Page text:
Debian 2.2 Potato: Memorial to a Hacker

From installation to usage to tweaking, Debian 2.2 is a release that is fun for the techies and, well, much less of a Waterloo for novice Debian users.
How Well Does It Run? Can I Update?

Debian's only real failure in the past has been its lack of easy installation, and while the developers haven't succumbed to the trend of default GUI installations, they have simplified, clarified and tightened up the process considerably. In short, it's easy for seasoned Linux users to get, maintain and update.

Future Directions

A point 1 release of Potato was, at the time this was written, planned to present a number of security and bug fixes that cropped up in 2.2.0, including one that appeared in one version of the boot floppy. (There is a plan to remove the boot floppy altogether from future distributions.)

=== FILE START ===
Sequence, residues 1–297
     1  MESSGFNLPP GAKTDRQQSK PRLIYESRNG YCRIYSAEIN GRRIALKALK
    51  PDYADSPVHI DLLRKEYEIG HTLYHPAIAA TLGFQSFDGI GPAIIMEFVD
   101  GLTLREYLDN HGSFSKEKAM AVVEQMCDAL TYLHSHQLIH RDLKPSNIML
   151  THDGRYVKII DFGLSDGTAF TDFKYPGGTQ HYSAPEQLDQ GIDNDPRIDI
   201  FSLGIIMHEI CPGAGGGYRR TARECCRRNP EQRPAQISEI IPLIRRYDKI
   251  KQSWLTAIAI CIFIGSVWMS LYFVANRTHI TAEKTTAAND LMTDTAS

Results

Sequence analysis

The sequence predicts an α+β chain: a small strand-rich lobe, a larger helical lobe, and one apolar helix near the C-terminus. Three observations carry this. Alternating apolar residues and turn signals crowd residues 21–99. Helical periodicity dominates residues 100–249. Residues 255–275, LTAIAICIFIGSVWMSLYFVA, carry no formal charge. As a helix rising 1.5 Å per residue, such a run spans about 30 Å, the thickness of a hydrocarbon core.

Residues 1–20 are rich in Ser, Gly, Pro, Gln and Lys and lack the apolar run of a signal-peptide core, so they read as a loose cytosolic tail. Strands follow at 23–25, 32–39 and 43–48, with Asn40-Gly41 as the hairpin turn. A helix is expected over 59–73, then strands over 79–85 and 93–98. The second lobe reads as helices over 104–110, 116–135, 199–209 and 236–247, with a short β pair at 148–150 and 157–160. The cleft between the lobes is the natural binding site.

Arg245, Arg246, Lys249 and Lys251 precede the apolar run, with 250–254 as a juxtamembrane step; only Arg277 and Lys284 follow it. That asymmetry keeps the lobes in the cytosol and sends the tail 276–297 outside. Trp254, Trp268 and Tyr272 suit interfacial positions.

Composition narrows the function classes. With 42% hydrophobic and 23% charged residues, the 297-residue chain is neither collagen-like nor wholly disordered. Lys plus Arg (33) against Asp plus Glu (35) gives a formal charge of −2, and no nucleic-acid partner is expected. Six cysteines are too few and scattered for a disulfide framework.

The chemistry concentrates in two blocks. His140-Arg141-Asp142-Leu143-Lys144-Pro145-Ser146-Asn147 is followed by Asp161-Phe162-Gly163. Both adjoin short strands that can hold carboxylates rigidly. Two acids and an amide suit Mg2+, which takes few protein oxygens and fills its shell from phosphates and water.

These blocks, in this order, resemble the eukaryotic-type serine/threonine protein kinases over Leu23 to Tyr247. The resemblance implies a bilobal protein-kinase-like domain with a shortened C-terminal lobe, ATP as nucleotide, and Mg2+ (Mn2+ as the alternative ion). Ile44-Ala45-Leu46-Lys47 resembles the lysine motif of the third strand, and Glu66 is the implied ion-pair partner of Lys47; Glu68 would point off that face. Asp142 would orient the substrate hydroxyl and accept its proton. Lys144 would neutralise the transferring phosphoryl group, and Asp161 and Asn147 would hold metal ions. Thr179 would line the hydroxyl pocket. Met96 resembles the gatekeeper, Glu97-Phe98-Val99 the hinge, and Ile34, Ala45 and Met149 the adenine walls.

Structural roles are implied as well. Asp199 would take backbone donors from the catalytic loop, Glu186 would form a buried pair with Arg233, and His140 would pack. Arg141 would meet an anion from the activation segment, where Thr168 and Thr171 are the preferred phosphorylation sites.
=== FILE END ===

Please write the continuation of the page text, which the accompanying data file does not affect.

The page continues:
There's already an unstable or developer's version of Debian available for those who'd like to get in on Debian development. This will likely become Debian 2.3 or 3.0 and is available at

As the new IvP6 standard becomes more of a reality, Debian developers are making more of a concerted effort to make their code compliant with it.


An incredible amount of work on the Debian distribution has taken place since the 2.1 release, and it's been a treat to run it for the past ten days. It's on its way to becoming a distribution of choice for many who are not inherently technical but who are willing to learn a little to get a lot from their computers. For the technically apt, it's already arrived.

Joel Klecker would be proud.

The Good/The Bad

Stephanie Black is a recent migrant to IT and owns and runs Coastal Den Computing, a Linux consultancy. She has spent 80% of her coding life working with Linux can be reached at


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